The third politician within Mexico to be murdered in the past week met his fate on Friday when Jose Remedios Aguirre was killed by gunmen in the town of Apaseo El Alto. He had been running for mayor for the leftist Morena party in Guanajuato state. Aguirre’s murder followed the Tuesday killing of a state assembly candidate for the ruling Institutional Revolutionary Party in Mexico’s western Guerrero state, and took place 4 days after Morena’s mayoral candidate in the city of Tenango del Aire was murdered. Authorities have confirmed that at least 30 candidates have been killed in Mexico since September 2017, when campaigning for the country’s July 1 elections. More than a dozen of the candidates killed have been in the drug cartel-plagued southern state of Guerrero, far from the Mexican capital.
“It’s very unfortunate what we are living through, particularly in Guanajuato, which is the state this year with more violence than anywhere else in Mexico. Our governor sticks his head in the ground like an ostrich and ignores what is happening; people are being killed every single day.” Ricardo Sheffield, a Morena candidate for governor in Guanajuato state, told Al Jazeera.
The ballot will see voters elect a president for a six-year term, 500 members of the lower house Chamber of Deputies, 128 members of the upper house Senate, along with selecting local representatives. In all, over 3,000 offices are up for grabs, the most ever to be voted on in a single day.
The murdered candidates come from a range of political affiliations, suggesting that the killings are more about local power grabs and gang rivalries and less about national conflicts among parties. The majority of victims lacked the security and public recognition that offer little protection for high-profile office-seekers. The killings have garnered little attention from national news outlets, as they are heavily focused on the presidential contenders appearing daily on television.
“It’s an average of one murder of a candidate every four or five days,” Erubiel Tirado, a political scientist at Iberoamerican University, said last month. “We are very worried.”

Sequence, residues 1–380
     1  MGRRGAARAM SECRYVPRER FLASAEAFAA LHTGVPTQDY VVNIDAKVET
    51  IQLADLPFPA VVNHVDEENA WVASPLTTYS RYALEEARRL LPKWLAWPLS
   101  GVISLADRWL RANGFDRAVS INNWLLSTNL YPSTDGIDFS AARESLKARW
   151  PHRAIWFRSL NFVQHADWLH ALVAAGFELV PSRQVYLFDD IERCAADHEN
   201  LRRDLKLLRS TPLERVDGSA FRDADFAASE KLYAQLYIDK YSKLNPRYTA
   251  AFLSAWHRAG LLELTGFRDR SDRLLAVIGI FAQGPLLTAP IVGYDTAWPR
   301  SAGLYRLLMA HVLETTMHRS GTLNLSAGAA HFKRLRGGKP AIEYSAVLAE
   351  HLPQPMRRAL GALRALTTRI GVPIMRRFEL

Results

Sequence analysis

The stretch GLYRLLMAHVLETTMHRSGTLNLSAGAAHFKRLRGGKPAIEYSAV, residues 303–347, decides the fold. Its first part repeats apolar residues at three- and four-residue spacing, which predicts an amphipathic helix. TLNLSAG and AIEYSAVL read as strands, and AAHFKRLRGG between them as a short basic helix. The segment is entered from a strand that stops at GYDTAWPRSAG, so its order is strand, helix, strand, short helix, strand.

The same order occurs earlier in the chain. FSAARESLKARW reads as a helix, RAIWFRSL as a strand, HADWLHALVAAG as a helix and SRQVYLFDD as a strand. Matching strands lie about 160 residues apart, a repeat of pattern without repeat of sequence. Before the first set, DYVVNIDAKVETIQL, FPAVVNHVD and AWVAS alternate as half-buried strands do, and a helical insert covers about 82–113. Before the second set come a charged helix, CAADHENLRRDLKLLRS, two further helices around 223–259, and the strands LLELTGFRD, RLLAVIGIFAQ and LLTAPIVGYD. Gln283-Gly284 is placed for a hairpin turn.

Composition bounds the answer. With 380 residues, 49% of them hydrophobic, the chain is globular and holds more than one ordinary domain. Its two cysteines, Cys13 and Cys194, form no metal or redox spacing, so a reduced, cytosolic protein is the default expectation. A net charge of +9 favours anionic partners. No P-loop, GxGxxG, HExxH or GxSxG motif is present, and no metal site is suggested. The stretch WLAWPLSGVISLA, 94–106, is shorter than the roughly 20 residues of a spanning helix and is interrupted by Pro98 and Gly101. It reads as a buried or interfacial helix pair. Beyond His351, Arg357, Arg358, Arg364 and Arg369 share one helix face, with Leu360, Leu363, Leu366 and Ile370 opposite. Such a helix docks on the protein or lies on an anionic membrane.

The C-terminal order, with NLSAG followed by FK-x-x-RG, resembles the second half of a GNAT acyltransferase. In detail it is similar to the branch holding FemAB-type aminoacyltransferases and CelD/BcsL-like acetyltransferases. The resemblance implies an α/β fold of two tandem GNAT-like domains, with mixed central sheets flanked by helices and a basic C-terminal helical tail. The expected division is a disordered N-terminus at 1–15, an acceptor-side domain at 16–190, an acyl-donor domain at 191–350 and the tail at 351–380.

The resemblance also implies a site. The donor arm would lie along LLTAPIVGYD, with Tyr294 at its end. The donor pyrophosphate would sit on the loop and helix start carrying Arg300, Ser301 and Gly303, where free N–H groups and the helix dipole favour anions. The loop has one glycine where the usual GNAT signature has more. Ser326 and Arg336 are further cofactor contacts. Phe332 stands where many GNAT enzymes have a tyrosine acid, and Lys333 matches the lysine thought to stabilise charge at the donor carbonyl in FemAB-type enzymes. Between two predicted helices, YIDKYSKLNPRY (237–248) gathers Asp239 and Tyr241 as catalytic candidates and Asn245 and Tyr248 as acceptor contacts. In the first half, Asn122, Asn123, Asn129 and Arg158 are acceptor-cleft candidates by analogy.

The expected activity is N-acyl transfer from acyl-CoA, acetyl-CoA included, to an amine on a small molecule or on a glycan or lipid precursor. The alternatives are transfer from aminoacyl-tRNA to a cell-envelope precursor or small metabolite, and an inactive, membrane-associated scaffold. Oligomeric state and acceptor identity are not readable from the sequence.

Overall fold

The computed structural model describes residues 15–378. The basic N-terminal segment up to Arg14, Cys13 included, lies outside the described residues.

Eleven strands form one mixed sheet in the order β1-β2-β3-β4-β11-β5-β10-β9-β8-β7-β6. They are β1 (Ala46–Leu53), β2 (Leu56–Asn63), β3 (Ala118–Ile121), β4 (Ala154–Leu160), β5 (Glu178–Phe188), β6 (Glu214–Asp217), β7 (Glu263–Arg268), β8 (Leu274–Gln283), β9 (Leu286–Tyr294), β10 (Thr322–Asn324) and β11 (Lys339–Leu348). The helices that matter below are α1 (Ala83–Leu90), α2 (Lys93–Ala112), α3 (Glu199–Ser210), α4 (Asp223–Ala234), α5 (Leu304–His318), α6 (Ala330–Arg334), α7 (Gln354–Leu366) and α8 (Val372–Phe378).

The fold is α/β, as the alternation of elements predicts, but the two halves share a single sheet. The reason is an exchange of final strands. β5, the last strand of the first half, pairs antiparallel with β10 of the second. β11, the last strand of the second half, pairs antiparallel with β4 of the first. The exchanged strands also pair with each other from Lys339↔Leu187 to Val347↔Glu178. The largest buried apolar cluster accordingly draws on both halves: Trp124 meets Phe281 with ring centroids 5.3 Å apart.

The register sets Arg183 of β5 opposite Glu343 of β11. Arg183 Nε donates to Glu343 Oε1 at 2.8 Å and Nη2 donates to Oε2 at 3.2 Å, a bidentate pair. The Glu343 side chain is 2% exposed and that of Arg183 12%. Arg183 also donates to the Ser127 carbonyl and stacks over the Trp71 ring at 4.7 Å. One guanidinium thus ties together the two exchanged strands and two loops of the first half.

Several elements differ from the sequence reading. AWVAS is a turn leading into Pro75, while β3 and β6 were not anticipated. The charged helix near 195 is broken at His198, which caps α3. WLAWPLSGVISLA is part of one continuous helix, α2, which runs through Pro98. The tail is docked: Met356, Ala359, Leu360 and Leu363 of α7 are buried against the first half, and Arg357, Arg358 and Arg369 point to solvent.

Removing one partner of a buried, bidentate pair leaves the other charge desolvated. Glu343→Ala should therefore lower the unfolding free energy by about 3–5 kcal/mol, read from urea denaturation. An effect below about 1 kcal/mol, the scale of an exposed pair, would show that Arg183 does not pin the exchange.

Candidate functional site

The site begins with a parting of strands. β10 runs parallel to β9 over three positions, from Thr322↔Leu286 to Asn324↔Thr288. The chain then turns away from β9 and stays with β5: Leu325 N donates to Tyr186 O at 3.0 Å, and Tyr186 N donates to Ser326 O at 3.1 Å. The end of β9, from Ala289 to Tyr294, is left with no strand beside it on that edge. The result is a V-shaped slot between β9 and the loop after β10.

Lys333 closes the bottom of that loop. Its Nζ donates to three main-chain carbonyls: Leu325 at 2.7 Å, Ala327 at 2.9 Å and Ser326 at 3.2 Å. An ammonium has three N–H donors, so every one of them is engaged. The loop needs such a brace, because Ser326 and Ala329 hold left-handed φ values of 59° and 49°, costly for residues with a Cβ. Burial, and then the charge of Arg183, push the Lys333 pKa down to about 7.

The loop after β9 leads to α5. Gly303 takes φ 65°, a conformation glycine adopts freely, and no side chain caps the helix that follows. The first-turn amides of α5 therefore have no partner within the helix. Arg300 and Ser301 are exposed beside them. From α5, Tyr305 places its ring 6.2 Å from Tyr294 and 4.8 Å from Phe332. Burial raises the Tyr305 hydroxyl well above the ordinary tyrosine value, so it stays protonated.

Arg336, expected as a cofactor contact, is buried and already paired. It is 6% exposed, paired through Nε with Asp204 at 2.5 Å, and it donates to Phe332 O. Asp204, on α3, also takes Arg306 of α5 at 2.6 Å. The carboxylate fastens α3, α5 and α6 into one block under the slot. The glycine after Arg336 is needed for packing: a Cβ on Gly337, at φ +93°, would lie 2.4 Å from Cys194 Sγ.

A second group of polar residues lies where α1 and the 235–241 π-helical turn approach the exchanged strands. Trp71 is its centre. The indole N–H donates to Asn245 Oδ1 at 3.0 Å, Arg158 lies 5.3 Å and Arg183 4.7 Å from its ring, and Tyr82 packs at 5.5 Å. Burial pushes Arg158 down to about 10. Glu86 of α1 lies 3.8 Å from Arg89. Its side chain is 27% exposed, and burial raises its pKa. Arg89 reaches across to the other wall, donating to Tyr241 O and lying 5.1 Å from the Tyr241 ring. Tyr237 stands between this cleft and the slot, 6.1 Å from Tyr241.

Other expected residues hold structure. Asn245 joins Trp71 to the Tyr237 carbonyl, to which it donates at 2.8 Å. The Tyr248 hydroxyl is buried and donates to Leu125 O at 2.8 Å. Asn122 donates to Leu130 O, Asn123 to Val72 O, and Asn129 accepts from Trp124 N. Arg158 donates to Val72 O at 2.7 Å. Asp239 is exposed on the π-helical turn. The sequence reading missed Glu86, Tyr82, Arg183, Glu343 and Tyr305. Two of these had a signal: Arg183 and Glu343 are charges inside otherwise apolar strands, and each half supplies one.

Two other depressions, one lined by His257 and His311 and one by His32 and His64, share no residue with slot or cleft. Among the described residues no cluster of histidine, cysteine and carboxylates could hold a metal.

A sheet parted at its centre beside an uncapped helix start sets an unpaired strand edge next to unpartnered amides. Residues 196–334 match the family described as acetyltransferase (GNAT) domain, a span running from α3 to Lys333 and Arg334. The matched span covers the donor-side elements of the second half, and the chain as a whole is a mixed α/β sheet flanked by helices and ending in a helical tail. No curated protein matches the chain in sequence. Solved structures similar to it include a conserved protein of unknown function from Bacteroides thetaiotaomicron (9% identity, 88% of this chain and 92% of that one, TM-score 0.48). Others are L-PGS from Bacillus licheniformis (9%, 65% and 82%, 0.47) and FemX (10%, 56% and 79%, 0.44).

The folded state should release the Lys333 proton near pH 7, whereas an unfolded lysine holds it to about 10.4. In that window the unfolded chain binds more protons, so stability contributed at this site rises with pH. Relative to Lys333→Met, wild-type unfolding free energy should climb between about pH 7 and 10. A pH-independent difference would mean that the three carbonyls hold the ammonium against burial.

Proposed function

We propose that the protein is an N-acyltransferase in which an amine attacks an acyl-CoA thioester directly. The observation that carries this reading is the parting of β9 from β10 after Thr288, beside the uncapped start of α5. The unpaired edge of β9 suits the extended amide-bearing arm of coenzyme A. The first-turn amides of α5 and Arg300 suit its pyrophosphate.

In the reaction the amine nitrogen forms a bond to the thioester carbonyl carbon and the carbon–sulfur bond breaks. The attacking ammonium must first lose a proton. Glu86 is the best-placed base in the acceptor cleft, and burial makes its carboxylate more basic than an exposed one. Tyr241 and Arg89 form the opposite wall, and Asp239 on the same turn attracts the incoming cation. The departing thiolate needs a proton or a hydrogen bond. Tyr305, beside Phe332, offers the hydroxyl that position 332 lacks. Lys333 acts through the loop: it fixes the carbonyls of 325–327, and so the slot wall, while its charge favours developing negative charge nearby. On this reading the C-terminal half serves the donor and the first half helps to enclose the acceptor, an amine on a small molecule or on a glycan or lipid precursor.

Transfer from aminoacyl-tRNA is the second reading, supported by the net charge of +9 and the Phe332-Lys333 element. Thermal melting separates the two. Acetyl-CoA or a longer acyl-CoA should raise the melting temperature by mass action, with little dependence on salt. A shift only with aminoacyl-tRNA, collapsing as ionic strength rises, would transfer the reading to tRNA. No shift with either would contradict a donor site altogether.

Although motives have not been fully figured out, many suspect that political disputes and gangs’ determination that are trying to assert political control are at the source of it. There were no assassinations of mayors during the 1980s to 1990s, according to “Justice” in Mexico, a joint research project at the University of San Diego. But today, being a mayor or other regional lawmaker may be one of the country’s most dangerous jobs. Mexico’s National Association of Mayors reported that over 100 mayors, mayors-elect, and ex-mayors had been killed since 2006.
2006 was the year that ex-President Felipe Calderon launched a new chapter on Mexico’s war on drugs. He used the kingpin strategy, targeting cartel leaders, which resulted in battles for trafficking empires. Since then, Mexico has seen more intra-cartel clashes shootouts between traffickers and government forces, and a surge in the killings and disappearances of citizens. By 2016, mayors were 12 times as likely to be murdered than the general population, according to the “Justice” in Mexico. We need to encourage the abandonment of the kingpin strategy in order to ease the tension created between cartels, because as long as violence remains between these groups of criminals, it will cause collateral damage to the rest of society not involved.